On the morning of my first day of teaching, I remember almost erupting into a fit of laughter during homeroom. As I introduced the schedule and procedures that we would be practicing in the next few weeks, I watched students’ puzzled faces as I tried desperately to keep a straight face. I was 23. How in the world had I been deemed qualified enough to stand in front of 130 6th graders to teach math? I could barely balance my bank account and keep my apartment clean, and these middle school students’ math development now depended on me.
Although I was laughing at the absurdity of it on that first day, I took my responsibility seriously. I wanted to save my students, and by saving my students I wanted to transform their communities. But savior complexes are dangerous – for students and teachers alike.
SAVING WHO FROM WHAT
The root of the word savior is save, which is problematic for several reasons. First of all, in education the term is often invoked only when speaking about students of color or low-income students. They are the ones who need to be saved – but saved from what? What are the assumptions that we are making when we talk about needing to save these students? What are we saying about their families? About their communities? About their peers?
For all of the public narrative surrounding poor communities and communities of color – that they are destitute, destroyed, suffering, everyone wants to get out – when I think about my former students student by student, I am hard-pressed to remember any parents who did not love their children or who weren’t proud of or concerned about their children. When I think back to families who I was concerned about, I can think of 2 or 3 families – out of over 300 students who I taught in my short-lived teaching career – about whom I had substance-use concerns, and these parents still came to school when I called. That is less than 1% of my students’ families. I taught in Oakland, y’all. Poor communities and communities of color in Oakland face a lot of challenges – but love for each other isn’t one of them. So what are we trying to save them from – a loving community? Check what you think you know about our students’ families and communities.
This isn’t to say that many students’ communities don’t need attention and improvement, but another issue with the teacher savior complex is that it ignores the systematic oppression taking place in many of the communities where we teach. Communities of color and low-income communities have been deliberately and continuously disenfranchised and me killing myself over students’ mastery of fractions is not going to change that. I am not saying that teaching isn’t important. It simply can’t be the only thing. Me in my classroom is not going to change the fact that my students’ parents aren’t earning a living wage and thus couldn’t pay the light bill this month. I can impact that – by working with the community, not on it.
WHEN YOU NEED TO SAVE YOURSELF
The savior complex also has major implications for the teacher. The idea that one must “save” their students is a big cross to bear and can lead to burnout if you’re not attuned to what’s going and engaging in regular self-care. If my students’ futures rest solely with me, then I will work myself to the bone to make sure that they get what they need. But the truth is, I actually have very little power in the grand scheme of things. I am one teacher in a line of dozens of teachers who my students will have. I am one adult among dozens if not hundreds of adults and peers my students will know throughout their lifetime. And I am but one moment in a large system of oppression.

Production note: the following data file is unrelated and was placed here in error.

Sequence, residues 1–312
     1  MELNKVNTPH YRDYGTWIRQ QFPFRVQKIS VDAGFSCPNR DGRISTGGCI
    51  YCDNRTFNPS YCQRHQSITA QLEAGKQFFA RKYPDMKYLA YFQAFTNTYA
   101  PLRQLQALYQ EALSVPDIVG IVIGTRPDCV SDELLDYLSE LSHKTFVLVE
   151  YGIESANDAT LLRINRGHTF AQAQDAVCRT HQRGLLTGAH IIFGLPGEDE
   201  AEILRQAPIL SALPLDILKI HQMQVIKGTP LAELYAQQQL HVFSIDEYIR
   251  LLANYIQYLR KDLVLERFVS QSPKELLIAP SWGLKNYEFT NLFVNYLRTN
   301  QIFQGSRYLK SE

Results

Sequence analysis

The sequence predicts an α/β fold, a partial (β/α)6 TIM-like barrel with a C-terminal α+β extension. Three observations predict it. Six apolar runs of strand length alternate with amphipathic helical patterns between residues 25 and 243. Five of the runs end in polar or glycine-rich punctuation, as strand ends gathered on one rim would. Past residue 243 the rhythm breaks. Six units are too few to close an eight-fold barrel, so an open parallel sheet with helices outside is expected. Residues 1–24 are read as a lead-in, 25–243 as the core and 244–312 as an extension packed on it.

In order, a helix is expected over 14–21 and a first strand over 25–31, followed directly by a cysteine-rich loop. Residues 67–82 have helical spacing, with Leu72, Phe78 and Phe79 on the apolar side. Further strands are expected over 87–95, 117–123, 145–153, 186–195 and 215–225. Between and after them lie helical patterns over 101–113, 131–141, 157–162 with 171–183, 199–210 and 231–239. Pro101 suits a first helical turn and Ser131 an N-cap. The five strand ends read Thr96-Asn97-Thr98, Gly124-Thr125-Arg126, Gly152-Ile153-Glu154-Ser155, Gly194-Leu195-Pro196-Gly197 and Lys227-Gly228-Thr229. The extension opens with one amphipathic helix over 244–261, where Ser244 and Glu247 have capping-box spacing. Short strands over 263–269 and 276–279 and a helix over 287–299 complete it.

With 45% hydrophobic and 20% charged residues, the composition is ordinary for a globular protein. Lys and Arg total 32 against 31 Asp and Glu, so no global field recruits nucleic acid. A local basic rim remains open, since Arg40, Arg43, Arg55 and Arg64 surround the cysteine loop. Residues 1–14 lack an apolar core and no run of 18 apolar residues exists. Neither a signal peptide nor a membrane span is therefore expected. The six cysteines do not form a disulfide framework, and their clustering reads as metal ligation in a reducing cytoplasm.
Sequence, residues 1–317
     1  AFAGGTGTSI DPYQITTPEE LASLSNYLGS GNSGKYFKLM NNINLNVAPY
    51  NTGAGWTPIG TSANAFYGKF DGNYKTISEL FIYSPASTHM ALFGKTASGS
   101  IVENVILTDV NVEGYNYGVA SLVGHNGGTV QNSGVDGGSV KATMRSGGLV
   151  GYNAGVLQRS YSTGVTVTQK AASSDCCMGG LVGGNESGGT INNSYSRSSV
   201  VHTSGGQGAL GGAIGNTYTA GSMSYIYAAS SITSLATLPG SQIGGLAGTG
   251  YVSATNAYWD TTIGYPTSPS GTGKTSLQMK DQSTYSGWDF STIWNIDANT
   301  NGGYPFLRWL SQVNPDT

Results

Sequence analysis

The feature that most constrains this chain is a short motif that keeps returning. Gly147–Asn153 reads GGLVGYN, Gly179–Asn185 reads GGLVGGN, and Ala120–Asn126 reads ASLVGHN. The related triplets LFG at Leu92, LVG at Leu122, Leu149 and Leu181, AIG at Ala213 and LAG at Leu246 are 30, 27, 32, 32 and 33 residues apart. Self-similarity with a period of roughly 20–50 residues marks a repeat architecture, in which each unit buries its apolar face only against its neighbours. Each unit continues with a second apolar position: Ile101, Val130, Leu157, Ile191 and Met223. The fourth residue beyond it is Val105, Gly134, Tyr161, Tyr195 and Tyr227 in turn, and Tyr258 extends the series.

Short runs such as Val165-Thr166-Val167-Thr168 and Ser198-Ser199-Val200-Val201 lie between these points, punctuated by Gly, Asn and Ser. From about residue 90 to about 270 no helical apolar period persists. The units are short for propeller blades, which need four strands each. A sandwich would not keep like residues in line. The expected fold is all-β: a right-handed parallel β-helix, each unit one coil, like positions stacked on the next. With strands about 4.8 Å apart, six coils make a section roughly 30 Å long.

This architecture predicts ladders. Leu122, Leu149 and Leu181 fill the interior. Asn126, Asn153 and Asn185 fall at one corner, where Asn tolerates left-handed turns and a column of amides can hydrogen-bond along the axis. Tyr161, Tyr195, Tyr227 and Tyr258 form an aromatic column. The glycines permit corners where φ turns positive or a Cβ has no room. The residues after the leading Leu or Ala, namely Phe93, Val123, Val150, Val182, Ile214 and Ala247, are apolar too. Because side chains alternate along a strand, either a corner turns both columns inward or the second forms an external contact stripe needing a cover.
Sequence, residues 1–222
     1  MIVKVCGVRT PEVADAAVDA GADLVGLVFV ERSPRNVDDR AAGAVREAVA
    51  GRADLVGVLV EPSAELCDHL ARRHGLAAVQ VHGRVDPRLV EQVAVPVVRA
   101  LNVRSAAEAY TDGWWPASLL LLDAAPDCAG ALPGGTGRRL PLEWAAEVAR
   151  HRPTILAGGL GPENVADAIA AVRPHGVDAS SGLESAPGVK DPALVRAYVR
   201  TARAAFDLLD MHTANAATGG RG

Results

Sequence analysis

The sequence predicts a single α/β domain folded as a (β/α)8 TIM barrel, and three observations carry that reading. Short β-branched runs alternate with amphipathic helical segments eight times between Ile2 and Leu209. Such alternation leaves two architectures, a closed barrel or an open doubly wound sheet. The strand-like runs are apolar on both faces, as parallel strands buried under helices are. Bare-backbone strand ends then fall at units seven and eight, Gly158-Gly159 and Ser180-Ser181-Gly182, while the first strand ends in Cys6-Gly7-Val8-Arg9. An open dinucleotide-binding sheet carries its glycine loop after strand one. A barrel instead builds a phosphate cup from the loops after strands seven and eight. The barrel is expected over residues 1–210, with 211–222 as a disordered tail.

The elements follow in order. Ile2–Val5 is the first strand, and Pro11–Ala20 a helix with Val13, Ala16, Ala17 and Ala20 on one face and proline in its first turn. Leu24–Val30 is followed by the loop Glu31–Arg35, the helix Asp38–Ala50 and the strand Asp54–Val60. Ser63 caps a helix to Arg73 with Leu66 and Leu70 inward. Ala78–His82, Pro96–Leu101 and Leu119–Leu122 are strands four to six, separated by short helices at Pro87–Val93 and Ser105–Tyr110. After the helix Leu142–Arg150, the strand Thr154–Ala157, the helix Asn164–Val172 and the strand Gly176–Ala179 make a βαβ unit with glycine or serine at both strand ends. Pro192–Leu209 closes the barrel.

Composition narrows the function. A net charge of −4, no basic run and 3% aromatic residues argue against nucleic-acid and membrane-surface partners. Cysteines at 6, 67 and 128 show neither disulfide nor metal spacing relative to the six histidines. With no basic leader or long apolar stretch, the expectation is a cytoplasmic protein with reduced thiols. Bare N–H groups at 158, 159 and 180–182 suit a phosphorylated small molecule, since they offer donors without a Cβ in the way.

Obviously, it is important for me to take responsibility for students’ learning. However, to place my student success solely on my shoulders ignores the attention that we must give to all of the other issues facing children – everything from hunger to homelessness to living wages for their parents and immigration issues. Without attention to these issues, no one is doing any saving. What’s more, by burning myself out, I’m not doing anyone any favors – because I become just one more teacher who left the profession.
I did burn out.
I had moments my first year – at that age of 23 – where I seriously thought about having one of my 6th graders come to live with me. I had two roommates and commuted 40 minutes each way. I think this student’s mother would have let me take him to live with me, but I was twenty-three. I barely had my own life together. And was that that long-term solution? Was I simply going to bring all of my students to live with me?
This emotional responsibility can quickly drain teachers. Teachers have got to take care of themselves, and the teacher savior complex makes that nearly impossible.
ALL TEACHERS ARE SUSCEPTIBLE
Although the teacher savior complex is often invoked when talking about teachers who serve students of color, you’ll notice that I haven’t brought up anything about the teacher’s race yet. I’ve purposely avoided inserting it into this conversation because I think that all teachers, regardless of race, are susceptible to this type of thinking. I’m Latina, and I definitely fell for this. I’ve heard Black colleagues use savior language, and I’ve heard it from White and Asian colleagues, too. Anyone can fall into this trap. It’s feels like a nice moral justification for our work.
But it’s actually immoral. The teacher savior complex prevents us from moving past assumptions about our students to truly getting to know them, and it hurts teachers and students in the process.
(c) Monica Candal Rahim
Monica Candal Rahim is a former teacher who has worked in education policy and advocacy. She now works as a consultant with Education Research Solutions, where she helps nonprofits, schools, and school districts to improve educational outcomes for all children.